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The Bishop's Pastoral Letter about Uvalde

To be read in all congregations of the diocese, or otherwise made available to all members by email or other distribution. You can also download a PDF of this Pastoral Letter in English, Spanish and Korean.


May 25, 2022

Dear Companions on the Journey,


Especially in times of trouble our practice is to start with prayer. Let us pray:

God our deliverer, gather our horror, anger, and sadness at the death of children and teachers at Robb Elementary School into the compass of your wisdom and strength, that through the night we may seek and do what is right, and when morning comes trust ourselves to your cleansing justice and new life. Amen. (Adapted from Enriching our Worship 2, p. 143)


The news of another school shooting, this time in Uvalde, TX, has shocked, disheartened, and angered us all. We will pray daily for the dead and the devastating grief now engulfing their loved ones. And we must turn ourselves to action.


Nineteen small bodies and those of two teachers demand our commitment and attention to life. What shall we do as individuals and as church to bring the frequent mass shootings to an end? The dead have no time for our discouragement, they have no tolerance for our feeling overwhelmed, and they have no need for our opinions. Instead, the echo of their lives and the horror of their deaths urges us to a relentless commitment to end gun violence and mass shooting.


These students and teachers, along with their classmates, parents, families, and friends, had every expectation to go home to dinner, playtime, homework, and bedtime stories. All disrupted by yet another person with unchecked access to guns and a relentless desire to inflict death.


They had a right to life. So did grocery shoppers in Buffalo, NY, church goers in Laguna Woods, CA, and school children in Columbine, CO, Newtown, CT, and Parkland, FL. The Robb Elementary School shooting comes ten years after 20 children and six adults were murdered at Sandy Hook Elementary School in Newtown. It comes 10 days after 10 people were murdered while grocery shopping in Buffalo. Their deaths spur us on towards prayer and action.


If we do not want to see this happen again, then all of us must take up our part to enact a change. A few ways to get started:


Call and write your congressional representative. Do not assume that because we are from New Jersey, their voice and presence on this matter do not count. They need to know that we expect them to press for significant and impactful change to protect the lives of all people.


Call and write your state legislature representative. Ending gun violence and mass shootings will take a coordinated effort by state and federal governments. Our state representatives need to know this is an issue of deep concern to us.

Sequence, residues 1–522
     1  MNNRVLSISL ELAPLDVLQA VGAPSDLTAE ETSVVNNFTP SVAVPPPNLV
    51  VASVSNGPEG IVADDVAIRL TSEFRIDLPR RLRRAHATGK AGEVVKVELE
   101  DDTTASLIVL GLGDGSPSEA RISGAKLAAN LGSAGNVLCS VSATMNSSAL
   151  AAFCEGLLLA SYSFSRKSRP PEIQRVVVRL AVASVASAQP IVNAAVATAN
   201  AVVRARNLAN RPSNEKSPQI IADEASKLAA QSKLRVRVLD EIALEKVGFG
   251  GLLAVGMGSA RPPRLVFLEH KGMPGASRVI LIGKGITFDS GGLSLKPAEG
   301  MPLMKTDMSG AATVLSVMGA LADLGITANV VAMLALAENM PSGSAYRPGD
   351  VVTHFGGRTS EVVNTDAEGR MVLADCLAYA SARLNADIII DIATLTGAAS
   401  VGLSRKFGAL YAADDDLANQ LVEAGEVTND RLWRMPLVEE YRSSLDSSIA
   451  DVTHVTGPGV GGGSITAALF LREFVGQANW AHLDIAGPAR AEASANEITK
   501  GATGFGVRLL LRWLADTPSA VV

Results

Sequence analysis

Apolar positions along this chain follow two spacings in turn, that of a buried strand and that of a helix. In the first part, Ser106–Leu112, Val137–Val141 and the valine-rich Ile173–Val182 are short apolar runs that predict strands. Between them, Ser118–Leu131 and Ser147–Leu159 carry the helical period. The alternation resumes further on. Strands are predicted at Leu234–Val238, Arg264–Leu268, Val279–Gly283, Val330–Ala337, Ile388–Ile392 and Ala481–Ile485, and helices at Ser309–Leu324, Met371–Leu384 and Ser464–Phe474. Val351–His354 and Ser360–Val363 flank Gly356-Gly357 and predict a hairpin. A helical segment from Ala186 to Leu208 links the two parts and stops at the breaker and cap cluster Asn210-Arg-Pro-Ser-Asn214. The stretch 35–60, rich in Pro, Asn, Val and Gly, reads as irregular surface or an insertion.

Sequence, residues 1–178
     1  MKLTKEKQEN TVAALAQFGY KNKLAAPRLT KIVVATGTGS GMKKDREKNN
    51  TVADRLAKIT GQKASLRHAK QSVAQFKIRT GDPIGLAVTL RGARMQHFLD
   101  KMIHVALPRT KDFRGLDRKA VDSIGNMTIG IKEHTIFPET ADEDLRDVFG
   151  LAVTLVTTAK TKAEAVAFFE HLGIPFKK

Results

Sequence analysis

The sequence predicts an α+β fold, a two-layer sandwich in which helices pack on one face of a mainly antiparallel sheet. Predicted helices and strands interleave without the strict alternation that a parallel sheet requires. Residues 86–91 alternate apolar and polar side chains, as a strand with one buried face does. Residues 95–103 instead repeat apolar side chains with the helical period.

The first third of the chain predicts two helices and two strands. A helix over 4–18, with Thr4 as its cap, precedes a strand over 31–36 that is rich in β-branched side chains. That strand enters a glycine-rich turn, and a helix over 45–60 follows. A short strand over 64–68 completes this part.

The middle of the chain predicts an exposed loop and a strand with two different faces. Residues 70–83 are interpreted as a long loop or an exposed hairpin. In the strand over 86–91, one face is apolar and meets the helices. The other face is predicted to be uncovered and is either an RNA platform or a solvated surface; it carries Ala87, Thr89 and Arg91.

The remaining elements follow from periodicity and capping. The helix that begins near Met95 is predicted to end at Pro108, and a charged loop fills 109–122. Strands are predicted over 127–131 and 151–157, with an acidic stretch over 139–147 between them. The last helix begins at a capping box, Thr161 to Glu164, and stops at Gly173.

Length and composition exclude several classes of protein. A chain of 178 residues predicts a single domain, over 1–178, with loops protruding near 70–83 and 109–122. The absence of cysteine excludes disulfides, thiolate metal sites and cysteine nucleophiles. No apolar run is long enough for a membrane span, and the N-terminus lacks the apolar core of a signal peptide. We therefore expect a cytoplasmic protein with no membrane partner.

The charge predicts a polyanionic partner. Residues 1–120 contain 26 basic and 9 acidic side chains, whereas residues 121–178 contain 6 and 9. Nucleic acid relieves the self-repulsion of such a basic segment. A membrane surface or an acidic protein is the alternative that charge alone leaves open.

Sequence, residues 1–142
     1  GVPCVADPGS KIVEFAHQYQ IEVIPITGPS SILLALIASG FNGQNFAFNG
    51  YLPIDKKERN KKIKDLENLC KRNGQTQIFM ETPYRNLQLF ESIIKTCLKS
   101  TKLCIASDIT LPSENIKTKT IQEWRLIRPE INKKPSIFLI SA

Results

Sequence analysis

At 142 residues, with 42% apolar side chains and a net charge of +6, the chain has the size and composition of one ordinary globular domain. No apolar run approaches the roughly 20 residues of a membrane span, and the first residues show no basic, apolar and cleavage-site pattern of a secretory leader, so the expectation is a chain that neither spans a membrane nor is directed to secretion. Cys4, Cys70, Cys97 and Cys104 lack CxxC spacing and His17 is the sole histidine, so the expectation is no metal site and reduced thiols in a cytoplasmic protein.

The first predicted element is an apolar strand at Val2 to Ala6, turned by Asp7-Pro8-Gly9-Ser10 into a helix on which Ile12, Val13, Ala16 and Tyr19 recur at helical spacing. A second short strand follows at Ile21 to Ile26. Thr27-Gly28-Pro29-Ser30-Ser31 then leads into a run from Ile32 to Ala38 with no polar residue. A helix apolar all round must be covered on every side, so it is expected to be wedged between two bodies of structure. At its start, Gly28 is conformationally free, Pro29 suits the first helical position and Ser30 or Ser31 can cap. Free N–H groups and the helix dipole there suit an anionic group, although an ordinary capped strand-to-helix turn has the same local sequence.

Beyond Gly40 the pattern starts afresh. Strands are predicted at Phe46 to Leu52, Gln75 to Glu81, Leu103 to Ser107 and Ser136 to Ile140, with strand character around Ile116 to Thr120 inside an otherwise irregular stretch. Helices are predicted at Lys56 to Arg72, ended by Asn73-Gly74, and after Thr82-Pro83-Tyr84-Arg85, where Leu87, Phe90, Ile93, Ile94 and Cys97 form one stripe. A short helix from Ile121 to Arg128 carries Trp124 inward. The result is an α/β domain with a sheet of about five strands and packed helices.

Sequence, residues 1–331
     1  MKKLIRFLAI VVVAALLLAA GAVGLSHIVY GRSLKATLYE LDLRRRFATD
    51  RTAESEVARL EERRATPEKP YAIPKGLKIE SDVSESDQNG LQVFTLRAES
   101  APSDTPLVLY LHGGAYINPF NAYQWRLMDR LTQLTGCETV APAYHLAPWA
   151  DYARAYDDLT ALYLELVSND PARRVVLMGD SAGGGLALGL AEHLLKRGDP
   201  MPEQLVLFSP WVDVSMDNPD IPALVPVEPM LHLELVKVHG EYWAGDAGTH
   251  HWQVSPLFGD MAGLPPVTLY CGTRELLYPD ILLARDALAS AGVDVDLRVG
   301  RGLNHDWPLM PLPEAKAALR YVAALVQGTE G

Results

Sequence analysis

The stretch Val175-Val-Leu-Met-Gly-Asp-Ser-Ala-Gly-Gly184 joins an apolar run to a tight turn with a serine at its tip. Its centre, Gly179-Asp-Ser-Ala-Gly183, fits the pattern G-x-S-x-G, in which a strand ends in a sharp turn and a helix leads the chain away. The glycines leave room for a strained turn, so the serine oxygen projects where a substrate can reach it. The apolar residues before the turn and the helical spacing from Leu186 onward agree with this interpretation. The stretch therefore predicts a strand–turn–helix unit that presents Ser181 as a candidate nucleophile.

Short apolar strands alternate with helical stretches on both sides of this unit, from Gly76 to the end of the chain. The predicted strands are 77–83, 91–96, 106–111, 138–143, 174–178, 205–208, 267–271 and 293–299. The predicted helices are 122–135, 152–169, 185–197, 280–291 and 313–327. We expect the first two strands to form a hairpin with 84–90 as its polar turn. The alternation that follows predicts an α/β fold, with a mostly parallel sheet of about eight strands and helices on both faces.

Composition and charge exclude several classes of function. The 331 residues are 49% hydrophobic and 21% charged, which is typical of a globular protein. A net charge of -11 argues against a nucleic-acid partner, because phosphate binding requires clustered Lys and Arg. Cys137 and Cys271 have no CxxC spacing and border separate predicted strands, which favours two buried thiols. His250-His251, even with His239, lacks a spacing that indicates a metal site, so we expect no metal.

Start a chapter of Episcopal Peace Fellowship in your parish or region. Learn and share ways your parish and region can align themselves with efforts across the Episcopal Church.


Adapt prayers for individual use and for the Prayers of the People. Bishops United Against Gun Violence (bishopsagainstgunviolence.org) and Enriching Our Worship 2 are good liturgical and prayer resources.


Add the names of the dead to your personal and parish prayers lists. Pray for them by name in your daily prayers and in Sunday services.


Wear Orange on June 3, National Gun Violence Prevention Day (wearorange.org). June 3 begins a weekend of activity across the nation. How is your municipality observing the weekend? How is your parish? How will you? It may be as simple as wearing orange to church this Sunday and on June 3. And it is an opportunity for all of us and our parishes to take an active and visible stance.


Write articles and letters to your local publications and local leaders. In order to make change, our voices must be present, energetic, and relentless. Tell the story of our faithful response to gun violence at every opportunity.


This is our ongoing work as God’s people. It will take time and require perseverance. We can grieve, pray, and roll up our sleeves at the same time. The cost of doing nothing is too high and leads to more death. God will guide us, work within us, and bring us into a new way of life.


Almighty God, receive, we pray, into the arms of your mercy all innocent victims; and by your great might frustrate the designs of those who would inflict evil in this world and establish your rule of justice, love and peace; through Jesus Christ our Redeemer. Amen. (Adapted from the Collect for the Holy Innocents, Book of Common Prayer, p. 238)


Grace and Peace,


The Rt. Rev. Carlye J. Hughes XI Bishop of Newark

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